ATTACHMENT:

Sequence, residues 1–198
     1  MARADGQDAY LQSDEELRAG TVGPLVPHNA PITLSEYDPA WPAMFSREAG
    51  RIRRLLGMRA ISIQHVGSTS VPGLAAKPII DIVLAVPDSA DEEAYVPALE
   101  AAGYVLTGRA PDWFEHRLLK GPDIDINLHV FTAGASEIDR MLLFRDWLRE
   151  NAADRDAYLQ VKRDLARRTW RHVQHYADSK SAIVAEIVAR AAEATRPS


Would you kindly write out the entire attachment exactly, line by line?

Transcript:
Sequence, residues 1–198
     1  MARADGQDAY LQSDEELRAG TVGPLVPHNA PITLSEYDPA WPAMFSREAG
    51  RIRRLLGMRA ISIQHVGSTS VPGLAAKPII DIVLAVPDSA DEEAYVPALE
   101  AAGYVLTGRA PDWFEHRLLK GPDIDINLHV FTAGASEIDR MLLFRDWLRE
   151  NAADRDAYLQ VKRDLARRTW RHVQHYADSK SAIVAEIVAR AAEATRPS